Burglary with a message in showcase of the university council
During a final tour of his working area, the departing secretary of the University Council noticed something special: the display case of the Uraad has been broken into. Not that anything seems to have disappeared, on the contrary, something has been added. A book and a film and a bill from the perpetrators.
The display case next to the entrance of the Ruth First room – the meeting room of the University Council – is not the most striking part of the Cobbenhagen building. It is the modest repository of books with a message that student group SAM offered to the Executive Board.
In this way, since 1999, Karl Marx’s pontificate Das Kapital shows off next to the meeting room. It was offered to the CvB by the student fraction when the university council was renamed KUB council (the university was called Katholieke Universiteit Brabant in those years).
Not only the name changed, but also the powers. From co-managing it became a participation council. Somewhat a reversal of the Dutch democratization of the university board that had once begun in Tilburg, in 1969 with the occupation of the university. On that occasion it was briefly renamed Karl Marx University, hence the choice of books.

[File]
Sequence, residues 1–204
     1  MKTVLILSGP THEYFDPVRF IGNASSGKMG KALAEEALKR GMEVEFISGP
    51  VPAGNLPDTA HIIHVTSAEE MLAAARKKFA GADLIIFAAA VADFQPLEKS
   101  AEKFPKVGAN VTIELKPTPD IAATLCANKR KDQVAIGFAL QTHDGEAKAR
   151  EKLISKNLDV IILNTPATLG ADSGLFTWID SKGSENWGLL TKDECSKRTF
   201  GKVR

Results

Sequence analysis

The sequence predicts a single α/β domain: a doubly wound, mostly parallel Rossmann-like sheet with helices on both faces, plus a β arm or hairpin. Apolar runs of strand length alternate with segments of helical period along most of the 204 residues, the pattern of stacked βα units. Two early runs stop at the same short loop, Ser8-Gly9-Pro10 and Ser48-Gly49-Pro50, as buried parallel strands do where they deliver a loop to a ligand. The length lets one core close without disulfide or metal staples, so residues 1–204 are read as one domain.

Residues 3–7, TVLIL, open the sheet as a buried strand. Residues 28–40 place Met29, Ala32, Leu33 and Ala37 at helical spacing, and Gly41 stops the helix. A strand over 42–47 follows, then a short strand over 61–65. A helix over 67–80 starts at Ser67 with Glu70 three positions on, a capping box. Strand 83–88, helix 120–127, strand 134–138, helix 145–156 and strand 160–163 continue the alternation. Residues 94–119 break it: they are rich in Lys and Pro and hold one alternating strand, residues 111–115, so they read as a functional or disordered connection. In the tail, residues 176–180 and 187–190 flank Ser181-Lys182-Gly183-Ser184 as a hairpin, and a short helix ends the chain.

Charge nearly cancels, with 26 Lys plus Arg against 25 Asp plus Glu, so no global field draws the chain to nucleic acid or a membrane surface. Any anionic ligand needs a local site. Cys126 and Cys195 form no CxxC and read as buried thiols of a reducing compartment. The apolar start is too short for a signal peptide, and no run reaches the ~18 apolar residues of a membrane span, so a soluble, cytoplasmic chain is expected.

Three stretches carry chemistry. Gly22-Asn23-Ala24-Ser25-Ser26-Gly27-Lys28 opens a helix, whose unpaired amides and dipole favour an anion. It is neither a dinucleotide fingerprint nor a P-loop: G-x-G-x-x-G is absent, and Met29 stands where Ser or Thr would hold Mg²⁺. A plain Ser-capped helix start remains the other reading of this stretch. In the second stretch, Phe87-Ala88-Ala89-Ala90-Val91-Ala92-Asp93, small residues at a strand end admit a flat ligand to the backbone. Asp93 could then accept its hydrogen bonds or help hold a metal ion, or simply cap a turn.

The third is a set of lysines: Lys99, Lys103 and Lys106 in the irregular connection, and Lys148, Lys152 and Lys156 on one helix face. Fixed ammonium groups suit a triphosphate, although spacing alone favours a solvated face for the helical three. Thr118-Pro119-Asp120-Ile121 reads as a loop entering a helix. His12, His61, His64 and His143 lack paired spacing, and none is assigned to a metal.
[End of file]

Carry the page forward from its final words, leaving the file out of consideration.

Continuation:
Burgundian get-togethers and buffets must not disappear
In 2002, the name change was reversed, albeit not the powers. The university was renamed Tilburg University, so the KUB council was renamed university council again. Even then, SAM – under the leadership of group chairman Klaas Dijkhoff (now chairman of the VVD in the Dutch Parliament) – gave books to the CvB to commemorate and inspire. About the life of Mary (‘the mother of the Lord’) this time.
“We believe that with the disappearance of the Catholic element from the name of this body, its important Catholic elements should not be lost. By this we of course mean mutual respect and the Burgundian get-togethers and buffets,” according to the explanation in an accompanying letter.
The calm disturbed
The tranquillity in this small exhibition of university history appears to have been disturbed by an unauthorized addition. The secretary of the university council, Thijs Pieters, noticed it to his great surprise during a last inspection of his kingdom (he will soon exchange Tilburg University for a position at Erasmus University).
The collection in the locker is suddenly supplemented with a book, The Age of Surveillance Capitalism and a DVD of the film Pacific Rim: Uprising. The donors, who describe themselves with ‘some students’, state in the attached letter that they are gifts that ‘contain valuable critiques of Tilburg University’s style of governance’.
Translated by Language Center, Riet Bettonviel